Interrater reliability of a tool to assess omission of prescription and inappropriate prescriptions in paediatrics
- 34 Downloads
Background Potentially inappropriate medication (PIM) and potential prescription omission (PPO) are common issues in pharmacotherapy in vulnerable populations. A first tool to assess PIM’s and PPO’s targeting pediatric populations: POPI «Pediatrics Omission of Prescriptions and Inappropriate Prescriptions» was created in 2014. Objective This study aimed to evaluate inter-rater reliability between healthcare professionals who apply POPI. Setting: Mother and child emergency ward of a university hospital. Method Twenty cases with or without PIM or PPO were identified in a previous retrospective PIM-PPO prevalence study on 15,973 patients. One doctor and one pharmacist, who participated in the creation of POPI tool, identified PIM and PPO (“gold standard response”). These cases were reviewed independently by eleven clinicians (generalists, pediatricians, pharmacists, residents), with no previous experience of this tool. Interrater agreement was calculated by using the Kappa agreement test. Main outcome measure: Inter-clinician agreement. Results A high level of agreement of PIM and PPO detection was recorded (PIM: median = 0.80; PPO: median = 0.71). Conclusion POPI demonstrated a good interrater reliability. This validation by many clinicians proves that POPI is a reliable tool. Other multicenter and prospective studies should be conducted to evaluate economical and clinical impacts of POPI.
KeywordsFrance Inappropriate prescription Inter-rater reliability Pharmacist Physician
We would like to thank Dr Dominique Navas, Dr Henri Hollenberg, Dr Lila Alloing, Dr Romain Basmaci, Dr Dominique Girardon, Dr Lucie Vuillemin, Dr Philippe Zerr, Dr Marie-Aliette Dommergues, Dr Sandrine Masseron, Dr Julie Sommet, Dr Lise Durand for their participation in this study.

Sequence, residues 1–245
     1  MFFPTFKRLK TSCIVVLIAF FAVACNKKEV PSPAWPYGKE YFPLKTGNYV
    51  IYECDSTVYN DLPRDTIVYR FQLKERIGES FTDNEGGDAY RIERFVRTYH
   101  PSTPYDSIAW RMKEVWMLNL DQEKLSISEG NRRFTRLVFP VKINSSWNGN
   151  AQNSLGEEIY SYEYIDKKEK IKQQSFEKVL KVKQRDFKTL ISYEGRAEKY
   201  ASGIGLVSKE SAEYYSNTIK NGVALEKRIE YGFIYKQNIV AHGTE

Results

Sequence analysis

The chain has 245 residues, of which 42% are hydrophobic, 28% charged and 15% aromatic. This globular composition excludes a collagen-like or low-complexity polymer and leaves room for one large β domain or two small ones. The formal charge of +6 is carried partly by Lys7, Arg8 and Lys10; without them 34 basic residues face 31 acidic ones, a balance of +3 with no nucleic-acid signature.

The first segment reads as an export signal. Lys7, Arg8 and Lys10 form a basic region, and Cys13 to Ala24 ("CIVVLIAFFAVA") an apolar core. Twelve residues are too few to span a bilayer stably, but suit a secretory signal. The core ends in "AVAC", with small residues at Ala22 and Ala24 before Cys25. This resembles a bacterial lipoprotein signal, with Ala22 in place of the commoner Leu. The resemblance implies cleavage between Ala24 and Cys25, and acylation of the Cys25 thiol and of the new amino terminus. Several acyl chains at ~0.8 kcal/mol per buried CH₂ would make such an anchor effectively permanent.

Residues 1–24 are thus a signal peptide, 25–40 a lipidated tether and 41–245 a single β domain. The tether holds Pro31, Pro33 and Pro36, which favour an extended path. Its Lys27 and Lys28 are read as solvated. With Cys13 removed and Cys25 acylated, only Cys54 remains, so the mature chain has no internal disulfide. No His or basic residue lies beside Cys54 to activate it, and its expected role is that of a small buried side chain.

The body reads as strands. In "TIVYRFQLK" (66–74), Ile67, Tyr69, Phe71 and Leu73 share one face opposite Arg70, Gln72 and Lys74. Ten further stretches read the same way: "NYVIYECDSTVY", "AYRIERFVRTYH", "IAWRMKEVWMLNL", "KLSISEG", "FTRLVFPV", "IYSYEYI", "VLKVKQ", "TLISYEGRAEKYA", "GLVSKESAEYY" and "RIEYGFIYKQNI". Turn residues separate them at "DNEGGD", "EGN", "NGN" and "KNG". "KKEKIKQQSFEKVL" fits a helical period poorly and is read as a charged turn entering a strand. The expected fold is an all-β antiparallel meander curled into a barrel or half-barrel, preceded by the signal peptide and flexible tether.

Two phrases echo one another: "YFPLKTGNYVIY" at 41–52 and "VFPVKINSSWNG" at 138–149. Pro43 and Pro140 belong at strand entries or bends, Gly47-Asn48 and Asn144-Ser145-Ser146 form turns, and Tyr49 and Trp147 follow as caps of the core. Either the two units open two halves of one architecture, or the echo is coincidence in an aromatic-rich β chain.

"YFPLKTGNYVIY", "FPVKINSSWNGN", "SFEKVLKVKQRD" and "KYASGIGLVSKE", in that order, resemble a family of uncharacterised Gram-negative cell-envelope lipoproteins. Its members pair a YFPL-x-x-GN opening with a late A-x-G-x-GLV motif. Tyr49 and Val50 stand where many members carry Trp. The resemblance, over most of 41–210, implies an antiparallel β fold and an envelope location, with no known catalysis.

This research received no specific grant from any funding agency in the public, commercial or not-for-profit sectors.
Conflicts of interest
All authors declare that they have no conflict of interest.
- 6.Inappropriate Prescribing—MeSH—NCBI [Internet]. [cited 2015 Apr 13]. http://www.ncbi.nlm.nih.gov/mesh?term=inappropriate%20prescription.
- 7.Legrain S others. Consommation médicamenteuse chez le sujet âgé. Consommation, prescription, iatrogénie et observance. 2005 [Medication use in geriatric population. use, prescription, medicine-related illness, observance] [Internet]. http://www.has-sante.fr/portail/upload/docs/application/pdf/pmsa_synth_biblio_2006_08_28__16_44_51_580.pdf.
- 8.Direction de la recherche, des études, des évaluation et des statistiques. Enquête Nationale sur les Événements Indésirables graves associés aux Soins - Description des résultats 2009 -[National survey into adverse events related to medical care - Results 2009] [Internet]. [cited 2015 Nov 11]. http://drees.social-sante.gouv.fr/IMG/pdf/serieetud110.pdf.
- 14.Lang P-O, Hasso Y, Belmin J, Payot I, Baeyens J-P, Vogt-Ferrier N, et al. STOPP-START: adaptation of a French language screening tool for detecting inappropriate prescriptions in older people. Can J Public Health Rev Can Santé Publique. 2009;100:426–31.Google Scholar
- 16.Josseran L, Caillère N, Ilef D. Emergency surveillance—Oscour Network National results 2004/2008 [Internet]. French Institut for Public Health Surveillance; 2008. http://invs.santepubliquefrance.fr/publications/2008/plaquette_resultats_oscour/plaquette_resultats_oscour_en.pdf.
- 19.Gallagher P, Baeyens J-P, Topinkova E, Madlova P, Cherubini A, Gasperini B, et al. Inter-rater reliability of STOPP (Screening Tool of Older Persons’ Prescriptions) and START (Screening Tool to Alert doctors to Right Treatment) criteria amongst physicians in six European countries. Age Ageing. 2009;38:603–6.CrossRefGoogle Scholar
- 21.SurveyMonkey. SurveyMonkey [Internet]. 2015. https://fr.surveymonkey.com/r/86P7BQC.
- 26.Smartphone application of primary care guidelines used in education of medical students. PubMed—NCBI [Internet]. [cited 2018 Feb 6]. https://www.ncbi.nlm.nih.gov/pubmed/23467657.
- 27.Enhancing Pharmacy Student Learning and Perceptions of Medical Apps.—PubMed—NCBI [Internet]. [cited 2018 Feb 6]. https://www.ncbi.nlm.nih.gov/pubmed/27174684.